¶ 22 "No resolution, rule, regulation, ordinance, or formal action of a state or local public body shall be valid unless taken or made at a meeting" open to the public pursuant to section 24-6-402(2). § 24-6-402(8). In short, a formal action taken at a meeting that does not comport with the Open Meetings Law is "null and void." Van Alstyne v. Hous. Auth. , 985 P.2d 97, 100-01 (Colo. App. 1999) ; see also Wisdom Works , ¶ 25, 360 P.3d at 267.

¶ 23 Dr. McLaughlin asserts that Policy 2014-01 was promulgated in violation of the Open Meetings Law. The Board does not expressly dispute that the policy was promulgated in violation of the Open Meetings Law, but rather asserts that the "taint, if any, would be on CDPHE's conduct" because "the policy is CDPHE's and not the Board's." We agree with Dr. McLaughlin that Policy 2014-01 was adopted in violation of the Open Meetings Law and further conclude that the Board, through its staff, participated in the improper promulgation of the policy.

¶ 24 The purpose of the Open Meetings Law is to allow interested members of the public to comment on public business. See Benson v. McCormick , 195 Colo. 381, 383, 578 P.2d 651, 653 (1978) (stating that the Open Meetings Law reflects the judgment that "democratic government best serves the [state] if its decisional processes are open to public scrutiny"). Here, physicians and other stakeholders did not have an opportunity to weigh in on Policy 2014-01. Instead, CDPHE and Board officials drafted the policy over the course of multiple meetings held behind closed doors and without notice to the public. We therefore conclude that Policy 2014-01 is invalid. See § 24-6-402(8).

¶ 25 We reach a similar conclusion under the APA. An agency that is statutorily permitted to make rules must follow procedures to give public notice and allow for public comment under the APA. § 24-4-103, C.R.S. 2017. A "rule" is defined by the APA as a "statement of general applicability and future effect implementing, interpreting, or declaring law or policy or setting forth the procedure or practice requirements of any agency." § 24-4-102(15), C.R.S. 2017. The definition of "rule" includes a "regulation." Id. " ‘[S]ubstantial compliance’ with the rule-making procedures established in § 24-4-103 is required, and an agency's failure to meet that standard renders a rule invalid." Studor, Inc. v. Examining Bd. of Plumbers of Div. of Registrations , 929 P.2d 46, 48 (Colo. App. 1996) (quoting § 24-4-103(8.2)(a) ).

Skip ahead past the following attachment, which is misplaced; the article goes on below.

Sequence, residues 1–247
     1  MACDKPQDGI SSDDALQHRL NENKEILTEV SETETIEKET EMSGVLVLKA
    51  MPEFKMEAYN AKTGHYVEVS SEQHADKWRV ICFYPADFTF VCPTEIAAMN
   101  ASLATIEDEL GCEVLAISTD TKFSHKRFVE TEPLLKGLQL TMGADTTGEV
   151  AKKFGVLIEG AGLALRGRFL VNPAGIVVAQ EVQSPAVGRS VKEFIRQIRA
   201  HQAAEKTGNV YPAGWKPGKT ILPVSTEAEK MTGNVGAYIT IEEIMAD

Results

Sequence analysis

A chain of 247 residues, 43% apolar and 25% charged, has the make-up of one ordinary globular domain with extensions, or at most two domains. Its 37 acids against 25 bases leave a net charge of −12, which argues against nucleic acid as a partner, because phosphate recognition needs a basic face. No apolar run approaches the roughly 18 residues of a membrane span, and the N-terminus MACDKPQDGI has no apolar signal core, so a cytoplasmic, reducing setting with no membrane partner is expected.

¶ 26 While the Board has statutory authority to "[a]dopt and promulgate" rules, it is required to follow the provisions of the APA in doing so. § 12-36-104(1)(a). Similarly, CDPHE, as an agency under the APA, is bound to follow notice and comment rulemaking procedures. See § 25-1.5-106(3). Here, there was no compliance with the procedural notice and comment requirements, and thus the rule is also invalid under the APA.

Dr. McLaughlin also asserts that Policy 2014-01 violated article XVIII, section 14(2)(c) of the Colorado Constitution and the First Amendment of the United States Constitution. Because we conclude that the policy is invalid under Colorado statutes, we need not reach these arguments. City of Florence v. Pepper , 145 P.3d 654, 660 (Colo. 2006) ("Where possible, we avoid a constitutional analysis in favor of a statutory resolution.").